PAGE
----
BERNSTEIN, ESQ., ON CHICAGO TENANTS' RIGHTS
By: Paul Bernstein, Attorney At Law
© Paul Bernstein, Esq. 1998, All Rights Reserved
Chapter 17: AVAILABLE RESOURCES TO HELP TENANTS ABOUND
There are many resources available to tenants who believe their rights are being violated by their landlords. As these chapters have demonstrated, it is very important for you to be an "educated consumer" when it comes to knowing about your rights. However, if your rights are being violated and you have done your homework, the Chicago Ordinance on Landlord and Tenant provides many powerful remedies for aggrieved tenants. Here are some resources I highly recommend.
The Chicago Council of Lawyers, The Fund for Justice and The Legal Assistance Foundation of Chicago publish the definitive handbook on the topic of Landlord-Tenant law in Chicago. If you believe your rights are being violated by your landlord, having and reading a copy of this handbook is imperative. The handbook costs Ten Dollars. Call the Chicago Council of Lawyers at 312-427-0710 about ordering a copy.
If you have or obtain your own lawyer and they are hesitant about their ability to represent you because of lack of knowledge, hopefully, these articles will get your lawyer on the right track. Perhaps the very best reference for lawyers who represent tenants in Chicago is the publication "Representing Residential Tenants", published by the Illinois Institute for Continuing Legal Education. IICLE can be contacted at: 1-217-787-2080. I have used this publication over and over again and highly recommend it. A new version was just released in January, 1998. Copies of the publication are also available to lawyers and non-lawyers alike in the Cook County Law Library on the 29th floor of the Daley Center in downtown Chicago.
If you want to hire a lawyer but just can't seem to find one, then visit or call the Chicago Bar Association, Lawyer Referral Service at 321 S. Plymouth Court, Chicago, IL 60604, 312-554-2001. The bar association maintains lists of lawyers who are expert in various areas of law and who accept referrals, even from those with limited or no means of payment.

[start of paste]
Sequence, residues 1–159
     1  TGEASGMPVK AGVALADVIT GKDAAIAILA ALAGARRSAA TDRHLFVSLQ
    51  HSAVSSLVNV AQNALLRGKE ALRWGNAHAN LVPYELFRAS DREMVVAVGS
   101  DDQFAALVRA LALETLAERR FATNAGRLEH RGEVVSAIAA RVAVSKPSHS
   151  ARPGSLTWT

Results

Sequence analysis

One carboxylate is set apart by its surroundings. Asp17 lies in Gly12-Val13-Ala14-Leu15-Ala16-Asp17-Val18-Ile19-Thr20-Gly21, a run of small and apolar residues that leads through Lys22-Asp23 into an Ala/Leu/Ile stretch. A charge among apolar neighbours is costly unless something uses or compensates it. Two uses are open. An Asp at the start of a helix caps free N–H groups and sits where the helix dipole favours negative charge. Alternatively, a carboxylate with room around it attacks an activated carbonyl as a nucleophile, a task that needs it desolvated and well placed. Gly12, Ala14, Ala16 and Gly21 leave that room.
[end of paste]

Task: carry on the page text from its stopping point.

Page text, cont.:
Indeed one of the most valuable parts of the Landlord-Tenant Handbook published by the Chicago Council of Lawyers, etc., is an appendix that lists many Community and Civic Organizations in Chicago, many resources for legal assistance, such as the Legal Assistance Foundation of Chicago and the Legal Aid Bureau of Chicago, law clinics at various law schools in the Chicagoland area, and government offices dealing with Tenant-Landlord relations. Examples of the latter are: the Chicago Department of Buildings; Corporation Counsel - Building Violations Division; the Mayor's Office of Inquiry and Information, and many other agencies.
There are usually tenants' rights organizations in most communities in Chicago. You should also contact your alderman (or alderwoman) and tell them about whatever problems you may have. As elected officials, I am sure they will be interested in what you have to say.
Finally, read your local newspapers. Both the Chicago Tribune and the Chicago Sun Times have excellent columnists who write regularly on landlord and tenant issues. In what I have read, they seem to be very even handed and fair in their application of the Chicago Ordinance to various factual situations.
If you have a right, there is more then likely a remedy under the law. Become an informed consumer and then pursue whatever avenues of recourse seem best for you. They are there, but in most cases it will take your "foot-work" and effort to start the ball rolling.
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